As Turkey Day approaches and you envision yourself in a tryptophan stupor watching parades and football, take a break from that heady endeavor and look to First Source as a way to feed your future as a Small Business.

Given the 41 incumbent contracts in the present program, there is a good opportunity for qualified challengers.


Starting back in 2006. The Department of Homeland Security (DHS) established the First Source Program as a more efficient way to access commoditized information technology (IT) products. Since that time and in two iterations, DHS has issued more than 28,000 task orders, all of which have gone to small business. We are now anticipating the release of the solicitation for the third iteration of the program which has pumped approximately $6.5B into the Small Business economy.

First Source III Key Information:

The requirements for the First Source III program are generally broken into the following:

  • Provide DHS commercial IT commodity solutions and value-added reseller services
  • Provide DHS access to emerging technological advances and new business practices to improve productivity, efficiency and reduce costs
  • Provide DHS with managed IT services combining IT support with proactive monitoring (this is new scope and it is unclear what form this may take in the final solicitation)

During the Industry Day held on in July of 2020, DHS formally announced the $10B program centered around delivery order competitions for hardware software and managed services. Major differences between FirtSource III and the previous contract are:

  • Longer period of performance (10 years)
  • Managed services are now in scope
  • NAICS codes are different (541519 footnote 18, IT Value Added Reseller; 511210, Software Publishing)

The competition will be across 5 tracks that are all small business. The tracks and their spend-spread under the current contract are shown below:

  • 8(a) (4.5%)
  • HUBZone (33.8%)
  • Service Disabled Owned Small Business (12.0%)
  • Woman Owned Small Business (3.6%)
  • Small Business (46.1%)

Obviously, the percentages may change but are indicative of what might be anticipated from the expected primary user agencies, namely (in rank order of spend):

Organization First Source II Spend %
Customs and Border Protection (CBP) 36
US Citizenship and Immigration Services (USCIS) 16
Federal Emergency Management Agency (FEMA) 9.5
Transportation Security Administration (TSA) 9.4
DHS Headquarters 9.2


The remaining spend was spread across other organizational elements such as Immigration and Customs Enforcement’s (ICE), US Coast Guard, Federal Law Enforcement Training Centers (FLETC), and Office of the Inspector General (OIG).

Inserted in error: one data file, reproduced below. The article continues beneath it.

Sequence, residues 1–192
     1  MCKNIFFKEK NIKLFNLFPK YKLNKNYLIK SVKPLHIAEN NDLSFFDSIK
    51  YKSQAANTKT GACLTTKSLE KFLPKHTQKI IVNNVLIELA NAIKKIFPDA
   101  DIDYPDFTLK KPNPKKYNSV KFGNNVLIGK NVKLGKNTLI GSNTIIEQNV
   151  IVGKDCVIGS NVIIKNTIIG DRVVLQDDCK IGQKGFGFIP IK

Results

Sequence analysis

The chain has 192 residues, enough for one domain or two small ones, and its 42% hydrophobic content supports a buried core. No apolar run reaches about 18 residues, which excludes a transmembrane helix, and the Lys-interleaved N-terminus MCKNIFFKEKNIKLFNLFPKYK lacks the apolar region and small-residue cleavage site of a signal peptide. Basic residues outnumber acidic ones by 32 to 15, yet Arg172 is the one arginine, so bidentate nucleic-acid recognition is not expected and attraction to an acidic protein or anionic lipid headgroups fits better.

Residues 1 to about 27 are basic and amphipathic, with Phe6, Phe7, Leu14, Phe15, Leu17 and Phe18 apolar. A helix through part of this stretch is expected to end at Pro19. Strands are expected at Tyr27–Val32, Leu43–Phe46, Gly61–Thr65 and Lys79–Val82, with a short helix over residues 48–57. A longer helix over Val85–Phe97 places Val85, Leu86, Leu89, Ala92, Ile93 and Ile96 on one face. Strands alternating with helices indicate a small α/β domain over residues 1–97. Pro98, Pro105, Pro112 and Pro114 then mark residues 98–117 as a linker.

In the Q&A released in September it’s noted that Large Businesses can team with multiple partners across the tracks so long as SBA rules are followed.

First Source III RFP Requirements:

In the draft RFP released in early November, the government stated its intention to use a two-phased approach for evaluation. The first phase will constitute a “Go/No Go” for entry into Phase II. In Phase I, will evaluate three requirements:

  1. The government will review the offeror’s existing commercially published catalog. The offeror should provide an explanation of how their catalog supports the entire First Source scope.
  2. The offeror must prove that they currently hold reseller authorizations with major distributors such as Carahsoft, Ingram Micro, and EC America – Immix.
  3. The offeror must prove ISO 28001:2007 Supply Chain Certification. You will also have to describe your supply chain risk management approach and how you mitigate risks.

You must participate in Phase I. If evaluated successfully, you will then proceed to Phase II. In Phase II, you will be asked to provide your experience in providing VAR services across a variety of commoditized IT hardware and software, your experience dealing with providing hardware and software from multiple OEMS at scale, experience with perpetual licensing, and experience in providing IT Managed Services.

Only a brief Past Performance submission is required, as the government will pull relevant data from the Contractor Performance Assessment Rating System (CPARS) based upon the experience types cited above.

Finally, in Phase II, your proposal submission will contain pricing, part of which will be a priced response to a sample Task Order.


The solicitation is expected to be released in December with an award date targeted for some time in March 2021.

How Do I Win First Source III:

The primary consideration is whether or not you currently hold the required NAICS of 541519 and 511210. If you hold one or both NAICS and have the required ISO 28001:2007 certification, you may be competitive. Failing either of those, don’t bother.

What Do I Need to Do NOW:

You need to do the following in anticipation of the final solicitation release:

  • Start gathering your documentation for Phase I and start developing a cogent explanation of how your catalog supports the full scope of the requirements.
  • Review your ISO 28001: 2007 certification to ensure its validity through at least March of next year (preferably later)
  • Start developing proof points for your Phase II requirements. Be specific and as voluminous as you can. It’s always better to have to pare information down than having to figure where to get more
  • Consider a Proposal Readiness Review (PRR) by an objective third party (either organic or from outside the organization) to assess where you stand and to help guide you in document identification and collection. A PRR could help you save precious Bid and Proposal Resources!


GovWin Opportunity ID:            171342

Beta.SAM.Gov Notice ID:          70RTAC21R00000003